By Alexandra Cairns, External Affairs Manager, Kupona Foundation

The Sustainable Development Goals, now referred to as the Global Goals, are finally here. Seventeen goals established to achieve three extraordinary things in the next fifteen years: end extreme poverty, fight inequality and injustice, and fix climate change. We’ve spent the last two weeks at events in New York City, all of which centered around one question: how do we accomplish these goals? Here, I summarize Kupona Foundation’s three key takeaways from UNGA week.

“Integrated Development is not a panacea” UN Women Executive Director, Phumzile Mlambo-Ngcuka

The importance of integrated development, the concept of bringing together stakeholders from a range of policy areas and disciplines in order to foster sustainable change, is undeniable. How can you encourage positive health-seeking behavior without considering education? Or promote equality without addressing access to employment, education and healthcare? As Gregory Beck, Director of Integrated Development at FHI360 put it at the event, ‘Does 1+1=3,’ “people don’t live their lives in silos…shouldn’t our work reflect that?” For the team at Kupona Foundation, our most important takeaway from this discussion came from UN Women Executive Director, Phumzile Mlambo-Ngcuka, who said, “Integrated development is not a panacea.” It should not be a substitute for specialism. It’s about bringing experts in singular fields together and encouraging collaboration, not about suddenly trying to become a jack-of-all-trades, and master of none.

Data is a vital tool, but it shouldn’t hinder progress

Data driven decision-making is effective. In an industry where resources are limited, and competition for those resources is fierce, data helps direct our support to the most effective programs where the need is greatest. Data keeps donor dollars from falling into a black hole, and it helps us, as development actors, to evaluate our progress towards ambitious goals. But we were privy to some very interesting discussions over the last two weeks, in particular during the audience Q&A session of the Jhpiego, G4 Alliance and GE Foundation Safe Surgery event. Will we ever feel like we have enough data? Should we keep waiting for more? We know millions of people are dying or developing impairments because they lack access to healthcare and sanitation. How much more data do we need to convince us to take action? It’s an important discussion, and one that we look forward to being a part of.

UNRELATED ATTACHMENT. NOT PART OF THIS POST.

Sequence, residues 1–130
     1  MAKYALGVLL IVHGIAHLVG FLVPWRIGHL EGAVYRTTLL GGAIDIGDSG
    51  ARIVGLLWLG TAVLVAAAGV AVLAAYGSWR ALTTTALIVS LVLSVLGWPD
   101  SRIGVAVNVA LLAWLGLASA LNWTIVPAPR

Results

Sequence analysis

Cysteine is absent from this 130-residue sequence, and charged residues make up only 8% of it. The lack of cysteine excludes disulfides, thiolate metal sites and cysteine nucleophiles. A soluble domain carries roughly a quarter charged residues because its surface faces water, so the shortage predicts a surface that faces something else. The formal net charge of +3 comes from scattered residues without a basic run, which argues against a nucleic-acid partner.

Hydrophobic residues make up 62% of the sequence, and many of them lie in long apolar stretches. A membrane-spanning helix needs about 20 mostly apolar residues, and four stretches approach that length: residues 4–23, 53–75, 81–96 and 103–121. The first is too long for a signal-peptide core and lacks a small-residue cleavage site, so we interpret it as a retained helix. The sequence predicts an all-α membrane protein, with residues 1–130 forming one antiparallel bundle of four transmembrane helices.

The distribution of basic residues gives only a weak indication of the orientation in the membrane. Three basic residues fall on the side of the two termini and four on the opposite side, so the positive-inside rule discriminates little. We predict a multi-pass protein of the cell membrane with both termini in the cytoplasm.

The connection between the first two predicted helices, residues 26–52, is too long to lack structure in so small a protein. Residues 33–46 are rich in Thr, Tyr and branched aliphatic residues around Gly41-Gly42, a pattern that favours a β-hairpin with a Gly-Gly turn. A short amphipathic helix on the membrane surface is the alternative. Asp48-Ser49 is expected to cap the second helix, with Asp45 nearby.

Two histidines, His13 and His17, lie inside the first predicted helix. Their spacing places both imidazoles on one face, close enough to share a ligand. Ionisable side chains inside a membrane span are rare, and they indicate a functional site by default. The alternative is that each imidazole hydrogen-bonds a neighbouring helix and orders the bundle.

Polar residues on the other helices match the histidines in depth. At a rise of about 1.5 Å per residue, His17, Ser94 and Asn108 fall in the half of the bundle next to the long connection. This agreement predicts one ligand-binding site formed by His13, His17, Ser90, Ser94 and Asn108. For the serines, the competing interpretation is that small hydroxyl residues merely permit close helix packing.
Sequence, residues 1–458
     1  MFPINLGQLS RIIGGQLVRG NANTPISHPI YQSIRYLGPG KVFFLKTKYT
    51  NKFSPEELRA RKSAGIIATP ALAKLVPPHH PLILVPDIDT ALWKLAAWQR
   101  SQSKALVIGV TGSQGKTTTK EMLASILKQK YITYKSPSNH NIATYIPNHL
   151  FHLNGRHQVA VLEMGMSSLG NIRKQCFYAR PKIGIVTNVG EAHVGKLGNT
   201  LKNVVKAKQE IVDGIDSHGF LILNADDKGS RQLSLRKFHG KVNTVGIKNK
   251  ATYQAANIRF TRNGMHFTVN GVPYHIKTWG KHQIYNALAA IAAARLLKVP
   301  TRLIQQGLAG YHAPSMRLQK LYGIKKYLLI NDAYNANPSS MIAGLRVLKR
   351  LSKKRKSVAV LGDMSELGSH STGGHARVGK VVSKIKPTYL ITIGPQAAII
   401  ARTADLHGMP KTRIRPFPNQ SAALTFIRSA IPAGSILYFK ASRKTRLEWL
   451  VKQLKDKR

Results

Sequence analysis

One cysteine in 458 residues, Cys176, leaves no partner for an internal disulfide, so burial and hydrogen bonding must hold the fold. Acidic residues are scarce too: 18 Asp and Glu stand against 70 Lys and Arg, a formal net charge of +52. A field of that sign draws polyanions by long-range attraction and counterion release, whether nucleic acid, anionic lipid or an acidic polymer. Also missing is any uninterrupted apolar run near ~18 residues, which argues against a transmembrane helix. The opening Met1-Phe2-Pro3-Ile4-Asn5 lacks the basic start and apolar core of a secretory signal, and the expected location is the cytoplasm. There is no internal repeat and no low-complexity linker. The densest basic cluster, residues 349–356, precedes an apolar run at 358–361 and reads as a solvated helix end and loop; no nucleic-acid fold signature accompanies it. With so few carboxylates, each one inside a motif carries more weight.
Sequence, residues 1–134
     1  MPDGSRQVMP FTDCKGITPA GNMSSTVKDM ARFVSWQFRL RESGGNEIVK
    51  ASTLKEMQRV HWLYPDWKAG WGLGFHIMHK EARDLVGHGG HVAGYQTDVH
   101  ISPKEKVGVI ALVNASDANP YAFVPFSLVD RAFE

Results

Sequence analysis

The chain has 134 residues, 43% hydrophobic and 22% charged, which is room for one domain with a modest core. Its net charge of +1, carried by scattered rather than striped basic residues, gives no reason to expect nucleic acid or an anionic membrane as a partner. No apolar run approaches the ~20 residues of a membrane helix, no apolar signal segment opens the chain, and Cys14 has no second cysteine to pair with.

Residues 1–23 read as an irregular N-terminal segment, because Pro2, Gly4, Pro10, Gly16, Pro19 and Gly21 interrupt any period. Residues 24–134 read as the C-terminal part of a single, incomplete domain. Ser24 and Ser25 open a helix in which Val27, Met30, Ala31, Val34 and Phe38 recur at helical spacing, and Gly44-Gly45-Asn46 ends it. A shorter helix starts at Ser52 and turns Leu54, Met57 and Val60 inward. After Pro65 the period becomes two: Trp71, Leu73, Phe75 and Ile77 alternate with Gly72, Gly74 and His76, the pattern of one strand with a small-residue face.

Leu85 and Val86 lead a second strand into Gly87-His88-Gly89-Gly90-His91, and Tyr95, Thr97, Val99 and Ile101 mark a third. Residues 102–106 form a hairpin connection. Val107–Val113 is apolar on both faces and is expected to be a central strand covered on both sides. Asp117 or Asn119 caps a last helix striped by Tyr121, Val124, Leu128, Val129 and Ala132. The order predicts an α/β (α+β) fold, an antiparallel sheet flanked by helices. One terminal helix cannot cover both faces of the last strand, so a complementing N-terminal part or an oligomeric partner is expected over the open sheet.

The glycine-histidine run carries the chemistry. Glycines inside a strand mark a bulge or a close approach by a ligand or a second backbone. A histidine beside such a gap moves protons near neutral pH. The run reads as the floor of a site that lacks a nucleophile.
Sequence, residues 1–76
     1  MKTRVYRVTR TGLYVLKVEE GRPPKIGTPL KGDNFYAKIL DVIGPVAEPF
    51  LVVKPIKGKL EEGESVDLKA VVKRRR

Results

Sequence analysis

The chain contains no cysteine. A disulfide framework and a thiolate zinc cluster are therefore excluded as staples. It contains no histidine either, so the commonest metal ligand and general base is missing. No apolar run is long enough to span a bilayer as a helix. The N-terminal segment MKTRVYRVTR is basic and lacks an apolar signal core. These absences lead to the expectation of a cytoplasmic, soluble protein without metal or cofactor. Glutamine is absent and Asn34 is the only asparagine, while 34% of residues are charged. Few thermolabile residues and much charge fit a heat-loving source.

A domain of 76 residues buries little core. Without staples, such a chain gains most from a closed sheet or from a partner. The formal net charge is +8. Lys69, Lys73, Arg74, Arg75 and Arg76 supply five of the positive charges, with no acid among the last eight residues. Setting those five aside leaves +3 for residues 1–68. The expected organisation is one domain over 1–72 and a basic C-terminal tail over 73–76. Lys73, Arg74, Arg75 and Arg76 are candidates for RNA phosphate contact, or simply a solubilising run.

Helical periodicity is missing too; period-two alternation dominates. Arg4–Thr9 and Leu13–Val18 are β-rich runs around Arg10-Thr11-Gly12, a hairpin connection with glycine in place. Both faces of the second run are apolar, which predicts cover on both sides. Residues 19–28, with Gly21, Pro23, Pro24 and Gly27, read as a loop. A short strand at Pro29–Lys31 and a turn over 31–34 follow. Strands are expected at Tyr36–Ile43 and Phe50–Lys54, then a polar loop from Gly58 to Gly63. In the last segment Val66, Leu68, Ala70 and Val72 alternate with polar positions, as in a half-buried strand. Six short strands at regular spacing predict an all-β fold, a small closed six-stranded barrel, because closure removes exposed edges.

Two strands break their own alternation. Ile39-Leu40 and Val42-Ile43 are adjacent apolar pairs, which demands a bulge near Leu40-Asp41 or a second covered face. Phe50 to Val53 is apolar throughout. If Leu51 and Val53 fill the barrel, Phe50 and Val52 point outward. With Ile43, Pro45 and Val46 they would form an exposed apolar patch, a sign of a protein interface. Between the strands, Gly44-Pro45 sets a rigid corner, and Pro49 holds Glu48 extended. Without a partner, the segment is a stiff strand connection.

Partnership is Key

Photo Credit: Kupona Foundation
Photo Credit: Kupona Foundation

No matter where your personal affinity lies, whether you choose to focus your efforts on health, the environment, or peace and justice, shouldn’t Global Goal 17, ‘Partnerships for the Goals’ be at the top of everyone’s agenda? Through partnerships we both maintain the integrity of our expertise, and break down silos. We can share data to inform decision making, without being shackled by the demands of collecting and analyzing information alone. We can work together to divide and conquer seventeen Herculean tasks. Fifteen years is not a long time to achieve goals of this magnitude. As Joy Marini, Executive Director, Maternal and Child Health, Women and Girls at Johnson & Johnson said at their ‘Walking Together for Women and Children’ event last Sunday, “the [Global Goals] are bold and unforgiving. Nobody can do this alone.”

Now it’s time to ‘walk the talk’

This was a momentous few weeks for global development, triggering fascinating discussions, forging new partnerships and triggering a renewed focus on sustainable change. Now all that’s left for us to do is take a deep breath, and start taking action. We’ve talked the talk. Now we need to walk the walk.

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